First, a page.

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Easy Pickin's for Northern Ontario Panfish

Gord's grandson, Liam, held his Acme tungsten jig a foot above the fish to entice these crappies to float up and bite it • Credit: Gord Pyzer
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Easy Pickin's for Northern Ontario Panfish

Ice fishing for crappies on a lake in Northwestern Ontario.

The biggest decision you have to make most days, when you're ice fishing across the vast fish-filled expanse of Northern Ontario, is whether to stay in one spot and sit over a hole, or remain mobile running-drilling-and-gunning around the lake. The choice is made more difficult, however, when you constantly spot fish on your sonar screen but they refuse to bite.

That is the predicament daughter Jenny, grandson Liam, and I found ourselves in last week when we were chasing crappies on a favourite Northwestern Ontario haunt. 

We put four gorgeous plate-shaped slabs on the ice within seconds of dropping down our jigs—as a matter of fact, Jenny landed two fish on her first two drops—but then the crappies seemingly got smart, went into a funk, and closed their mouths, even though we could see them brilliantly on our Humminbird 55 and Helix 7 Ice units.

"I've had the same thing happen often," buddy Pete Garnier reflected when I told him about our day on the ice. "I chalk it up to catching the few active fish that are within range of the hole you are fishing."

Ontario ice guru, Pete Garnier often spends 16 or more hours on the ice, so he prepares to catch neutral and inactive fish like this giant 17-inch crappie

Garnier is a winter panfishing fiend and we were musing about how most of the time, we find hard water fish in neutral to negative moods. We pick off a couple of active fish quickly, but then things slow down noticeably.

"We all hope to be on the ice during those primary feeding windows," says Garnier, "when the fish are hitting with reckless abandon, but I sometimes spend 16, 18, even 20 or more hours on the ice, so I know in advance that I am going to spend the majority of my time targeting inactive fish with smaller strike zones."

Ontario ice guru, Pete Garnier often spends 16 or more hours on the ice, so he prepares to catch neutral and inactive fish like this giant 17-inch crappie

When ice pros like Garnier refer to strike zones, think of a window. When the fish are active, the window is wide open and the walleye, pike, lake trout, crappie, or yellow perch might swim 10, 15, even 20 or more feet, both vertically and horizontally, to hit your lure. But when they are in a neutral or negative mood, the window is barely cracked and they are not willing to move more than a foot or two—if at all.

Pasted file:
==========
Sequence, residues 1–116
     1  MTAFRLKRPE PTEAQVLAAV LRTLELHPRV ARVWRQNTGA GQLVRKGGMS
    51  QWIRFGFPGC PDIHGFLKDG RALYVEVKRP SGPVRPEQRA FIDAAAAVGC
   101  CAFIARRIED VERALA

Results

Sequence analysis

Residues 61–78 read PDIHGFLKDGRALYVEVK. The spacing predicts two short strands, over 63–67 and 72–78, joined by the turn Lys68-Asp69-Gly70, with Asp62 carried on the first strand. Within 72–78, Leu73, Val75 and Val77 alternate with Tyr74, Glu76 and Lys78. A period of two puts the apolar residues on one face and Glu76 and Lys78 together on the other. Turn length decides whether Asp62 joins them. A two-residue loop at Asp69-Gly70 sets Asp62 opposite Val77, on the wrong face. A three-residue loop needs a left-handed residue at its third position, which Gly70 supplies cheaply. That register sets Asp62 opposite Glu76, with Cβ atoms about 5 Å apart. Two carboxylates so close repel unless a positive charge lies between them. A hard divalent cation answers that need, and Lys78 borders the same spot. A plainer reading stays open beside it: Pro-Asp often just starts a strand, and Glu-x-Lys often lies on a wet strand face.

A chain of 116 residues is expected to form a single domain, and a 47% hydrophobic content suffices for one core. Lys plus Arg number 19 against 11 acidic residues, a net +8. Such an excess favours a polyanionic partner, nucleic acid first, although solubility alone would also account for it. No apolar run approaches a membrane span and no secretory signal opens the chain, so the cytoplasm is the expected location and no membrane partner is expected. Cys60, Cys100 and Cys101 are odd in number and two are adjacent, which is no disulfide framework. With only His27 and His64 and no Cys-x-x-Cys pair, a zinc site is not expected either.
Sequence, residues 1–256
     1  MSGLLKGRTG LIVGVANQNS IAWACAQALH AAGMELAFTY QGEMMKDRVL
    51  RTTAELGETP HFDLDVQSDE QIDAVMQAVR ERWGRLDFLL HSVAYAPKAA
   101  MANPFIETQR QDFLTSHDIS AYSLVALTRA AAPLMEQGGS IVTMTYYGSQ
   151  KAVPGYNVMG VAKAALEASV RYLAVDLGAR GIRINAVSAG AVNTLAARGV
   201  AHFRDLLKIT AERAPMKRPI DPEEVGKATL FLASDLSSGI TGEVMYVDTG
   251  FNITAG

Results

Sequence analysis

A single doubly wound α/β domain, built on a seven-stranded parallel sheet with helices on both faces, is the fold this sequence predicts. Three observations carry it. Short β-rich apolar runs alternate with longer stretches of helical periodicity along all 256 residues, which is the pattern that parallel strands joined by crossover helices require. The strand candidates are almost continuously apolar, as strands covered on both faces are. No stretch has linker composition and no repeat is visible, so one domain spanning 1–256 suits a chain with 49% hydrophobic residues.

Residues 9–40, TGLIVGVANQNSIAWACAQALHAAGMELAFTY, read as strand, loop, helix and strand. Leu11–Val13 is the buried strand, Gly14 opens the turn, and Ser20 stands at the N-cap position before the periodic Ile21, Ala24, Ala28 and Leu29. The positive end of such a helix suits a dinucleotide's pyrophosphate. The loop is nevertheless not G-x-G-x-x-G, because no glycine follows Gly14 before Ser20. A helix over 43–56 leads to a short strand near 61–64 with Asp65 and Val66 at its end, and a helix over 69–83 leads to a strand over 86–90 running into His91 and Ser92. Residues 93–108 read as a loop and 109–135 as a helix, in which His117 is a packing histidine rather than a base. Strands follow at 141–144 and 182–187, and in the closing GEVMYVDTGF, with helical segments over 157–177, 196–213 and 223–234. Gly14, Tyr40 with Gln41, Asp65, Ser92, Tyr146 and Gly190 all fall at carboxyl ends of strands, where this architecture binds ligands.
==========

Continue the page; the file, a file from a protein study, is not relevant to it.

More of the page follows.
"That is why panfishing nuts like me drill so many holes," Garnier chuckles. "One-hundred-and-fifty to 200 holes a day is not out of the question for two or three anglers. The key principle to think about is that the smaller the strike zone, the tighter you have to drill your hole pattern. If they are only willing to move three feet, then I drill my holes a mere six feet apart, to ensure that I am exposing my lures to as many fish as possible."

Pete Garnier prepared this chart to guide his hole drilling pattern to keep him on inactive fish spread out beneath the ice

Something else that is important to emphasize is that while feeding windows can be small and the fish depressing to a fault, you can still catch them. "The only hitch," agrees Garnier, "is that they are ultra-sensitive to differences in your presentation. 

"Pannies are notorious for their super-stealthy approaches. I find that during these times crappies, in particular, can have a sweet spot three or four feet above their heads where eventually a delicately presented soft plastic lure is all that it takes to get them to bite."

To Garnier's point, I often have first-time ice anglers with me when I am fishing in the winter, and they always drop their lures smack dab on the fish's nose when they see it on the sonar screen.

Gord's grandson, Liam, held his Acme tungsten jig a foot above the fish to entice these crappies to float up and bite it

"It takes a bit of discipline to resist dropping your bait on the fish," says Garnier.  "But you need to experiment to determine how high above their heads you need to keep your bait to trigger the best response.

"I also adjust my jigging cadence throughout the day. I'll set a second line beside my primary hole and deadstick a thin tailed Angler's Choice Wiggle Fry on a small horizontal 90-degree jighead. There are times when they want a really subtle shaking motion. Other times, though, they want a sharp hop followed by a pause."

And last, but by no means least, when you find the fish to be neutral or inactive, pay extra special attention to the size, shape, and profile of your offering.

This is what we call a Northern Ontario six-pack

"Think subtle soft plastics, like the Wiggle Fry and Crappie Fry," instructs Garnier, "Day in and day out, I use a small thin-tailed soft plastic rigged on a jighead 95% of the time. 


"The colour of your lure is the least important consideration. The Anglers Choice stuff comes in 14 different patterns, and I have caught fish on every single one of them. The key for me is to simply have a number of different hues so that I can change things up. Invariably once you've caught a number of fish from a school, for whatever reason, they quit hitting that colour. So cycling through different hues will keep the same school of fish biting for an extended period of time."

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